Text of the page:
Canada is taking new steps to confront the reality of antimicrobial resistance (AMR), one of the most serious global health threats facing the world today.
This week, Minister of Health Ginette Petitpas Taylor and Minister of Agriculture and Agri-Food Lawrence MacAulay introduced Tackling Antimicrobial Resistance and Antimicrobial Use: A Pan-Canadian Framework for Action. The Pan-Canadian Framework was developed jointly with provinces and territories and other key partners in the human and animal health sectors to tackle AMR in Canada.
AMR on the Rise
Existing antibiotics are becoming less effective at treating infections and the development of new drugs is not keeping pace. The leading cause of increased AMR is the overuse or inappropriate use of antibiotics for preventing or treating infections in people and animals.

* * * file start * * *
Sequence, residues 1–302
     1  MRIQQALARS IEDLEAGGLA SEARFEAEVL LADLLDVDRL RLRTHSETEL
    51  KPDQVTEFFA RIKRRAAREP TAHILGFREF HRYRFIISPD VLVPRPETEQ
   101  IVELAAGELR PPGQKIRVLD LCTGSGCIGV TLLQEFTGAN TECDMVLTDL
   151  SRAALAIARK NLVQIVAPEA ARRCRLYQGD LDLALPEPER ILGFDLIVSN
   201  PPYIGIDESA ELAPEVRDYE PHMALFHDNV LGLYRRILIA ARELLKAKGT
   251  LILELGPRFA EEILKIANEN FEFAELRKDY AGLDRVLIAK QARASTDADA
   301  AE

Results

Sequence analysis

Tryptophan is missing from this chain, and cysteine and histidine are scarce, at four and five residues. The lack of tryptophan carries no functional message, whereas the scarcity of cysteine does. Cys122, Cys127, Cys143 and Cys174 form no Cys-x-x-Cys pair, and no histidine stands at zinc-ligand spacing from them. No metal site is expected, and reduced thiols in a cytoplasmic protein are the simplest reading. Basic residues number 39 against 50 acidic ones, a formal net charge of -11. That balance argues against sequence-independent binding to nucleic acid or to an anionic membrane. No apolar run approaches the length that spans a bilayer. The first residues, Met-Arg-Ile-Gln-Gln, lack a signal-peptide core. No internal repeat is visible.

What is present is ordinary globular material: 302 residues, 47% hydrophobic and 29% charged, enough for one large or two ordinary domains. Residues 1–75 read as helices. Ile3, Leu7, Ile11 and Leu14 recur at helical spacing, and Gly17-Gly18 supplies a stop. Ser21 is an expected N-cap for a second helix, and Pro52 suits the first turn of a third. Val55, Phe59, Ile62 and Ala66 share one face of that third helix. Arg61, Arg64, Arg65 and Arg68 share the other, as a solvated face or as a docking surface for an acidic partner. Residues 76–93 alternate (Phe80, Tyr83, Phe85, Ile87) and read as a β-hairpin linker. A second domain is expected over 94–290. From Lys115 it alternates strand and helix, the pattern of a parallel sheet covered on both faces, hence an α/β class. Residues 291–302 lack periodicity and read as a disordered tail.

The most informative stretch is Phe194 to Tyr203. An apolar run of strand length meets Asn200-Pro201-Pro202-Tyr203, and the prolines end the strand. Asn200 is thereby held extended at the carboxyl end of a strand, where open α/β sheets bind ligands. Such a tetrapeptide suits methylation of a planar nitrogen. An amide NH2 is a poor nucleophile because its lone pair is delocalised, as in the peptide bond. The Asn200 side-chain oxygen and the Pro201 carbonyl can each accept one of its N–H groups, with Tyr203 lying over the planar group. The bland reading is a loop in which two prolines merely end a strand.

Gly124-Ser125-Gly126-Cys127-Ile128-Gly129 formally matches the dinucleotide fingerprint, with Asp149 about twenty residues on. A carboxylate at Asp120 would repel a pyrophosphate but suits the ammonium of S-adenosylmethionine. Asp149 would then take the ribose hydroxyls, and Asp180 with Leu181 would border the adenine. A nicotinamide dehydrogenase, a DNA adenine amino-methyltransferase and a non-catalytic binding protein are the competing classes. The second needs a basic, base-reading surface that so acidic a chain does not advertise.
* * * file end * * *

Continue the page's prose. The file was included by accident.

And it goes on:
Unless action is taken, even common infections could become life-threatening and estimates indicate that by 2050, annual worldwide human deaths attributable to AMR could reach 10 million.
The Framework identifies opportunities for action and desired outcomes under four pillars: surveillance, stewardship, infection prevention and control, and research and innovation. A Pan-Canadian Action Plan will be developed to define specific commitments, measurable outcomes, and timeframes to put the Framework into use.
“Our government is committed to taking action to mitigate the impact of antimicrobial resistance on Canadians,” said Minister of Health Ginette Petitpas Taylor. “We are enhancing surveillance; promoting good infection prevention and control practices; promoting the responsible use of antimicrobials; and supporting research and innovation for new prevention and treatment products.”
The Pan-Canadian Framework builds on existing efforts on AMR. It also complements the Federal Action Plan on Antimicrobial Resistance and Use in Canada, released in March 2015, which laid out concrete actions Canada is taking.